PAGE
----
This article was published at ComicBook.Com on May 17, 2017.
The foundation of ComicBook.Com is comics. While we love to cover all aspects of pop and geek culture, our roots lie in the comics community and the plethora of characters and stories that have sprung from it. If you speak with anyone in the comics community about what has made the medium successful in North America, you’ll quickly discover one answer that stands far above the rest: local comics stores. They are the bedrock of comics in the United States and Canada, supporting fans, communities, and conventions with open doors and a dedicated staff.
This year on ComicBook.Com we are highlighting this important aspect of comics and culture by taking a look at one local comic store each week. These are stores that embody what it means to support culture and community. We hope you can visit some of them throughout 2017.
Success, experimentation, and change. None of these concepts are tied to age in a business, especially not for comics stores. Many of the most beloved and innovative shops in the American direct market are relatively young for retail outlets. That’s part of what makes comics exciting, and sometimes terrifying for retailers, though. It’s up to each individual store to discover what makes the medium work within their own community and help it to grow. Few local comics stores combine innovation and youth like Challengers Comics in the Wicker Park neighborhood of Chicago.
Challengers Comics first opened its doors on March 31, 2008, established by co-owners Patrick Brower and W. Dal Bush. Since then it has accomplished more since than many shops intend to accomplish throughout their existence. Challengers has almost doubled in size, shifted its readership base, hosted an art gallery, created a room specifically for young readers, and won an Eisner Award. It’s no surprise that they’ve attracted so much attention in such a short span of time.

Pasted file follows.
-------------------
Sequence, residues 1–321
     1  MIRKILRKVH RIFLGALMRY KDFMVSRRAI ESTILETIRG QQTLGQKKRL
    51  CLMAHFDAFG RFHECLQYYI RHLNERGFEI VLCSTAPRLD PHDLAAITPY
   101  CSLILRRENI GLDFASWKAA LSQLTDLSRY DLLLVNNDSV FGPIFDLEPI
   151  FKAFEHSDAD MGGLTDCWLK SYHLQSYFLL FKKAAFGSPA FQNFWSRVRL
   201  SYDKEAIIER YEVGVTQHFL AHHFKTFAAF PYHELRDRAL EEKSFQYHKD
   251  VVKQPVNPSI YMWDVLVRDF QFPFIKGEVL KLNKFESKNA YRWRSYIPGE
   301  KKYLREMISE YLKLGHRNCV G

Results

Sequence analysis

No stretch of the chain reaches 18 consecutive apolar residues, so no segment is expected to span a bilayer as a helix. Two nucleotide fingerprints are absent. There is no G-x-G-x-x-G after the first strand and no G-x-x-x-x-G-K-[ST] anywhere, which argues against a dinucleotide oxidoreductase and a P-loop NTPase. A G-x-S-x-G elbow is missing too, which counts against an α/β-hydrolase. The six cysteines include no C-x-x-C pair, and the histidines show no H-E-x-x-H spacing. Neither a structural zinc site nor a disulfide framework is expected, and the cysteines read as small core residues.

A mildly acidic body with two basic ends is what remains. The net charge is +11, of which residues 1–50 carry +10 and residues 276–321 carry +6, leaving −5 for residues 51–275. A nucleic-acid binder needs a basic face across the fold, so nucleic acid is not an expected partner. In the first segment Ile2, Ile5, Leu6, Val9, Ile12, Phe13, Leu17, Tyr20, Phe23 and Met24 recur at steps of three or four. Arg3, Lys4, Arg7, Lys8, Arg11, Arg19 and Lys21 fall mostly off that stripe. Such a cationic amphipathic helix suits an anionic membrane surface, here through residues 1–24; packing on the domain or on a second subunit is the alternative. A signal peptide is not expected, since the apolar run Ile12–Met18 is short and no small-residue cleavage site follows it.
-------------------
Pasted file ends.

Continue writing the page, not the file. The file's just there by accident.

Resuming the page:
Brower and Bush’s goal from the outset was clear though. “[It was to] provide a comics-first retail experience, and keep providing it for as long as our neighborhood wants us to do so” says Bush. While Challengers includes a few things besides comics (e.g. a small collection of action figures and Magic cards), more than 90% of the shop is dedicated purely to reading comics. Bush emphasizes the importance of community support for their store and making a comics store that is dedicated to comics. He understands that without readers they would be forced to close their doors or move away from the medium they love. However, it appears the people of Chicago love comics just as much as Brower and Bush.
The pair wanted to expand their horizons very early in the stores existence. In 2010, only 2 years after first opening, they expanded into an adjacent storefront in order to open an art gallery. In that space they hosted collections from popular comics artists like Becky Cloonan, Jenny Frison, and Stuart Immonen. It was fittingly titled “The Rogues Gallery” and attracted talent and fans from across North America to appreciate the craftsmanship behind comics. It didn’t take long for the pair to innovate once again, and that’s how “The Rogues Gallery” became “Sidekicks”.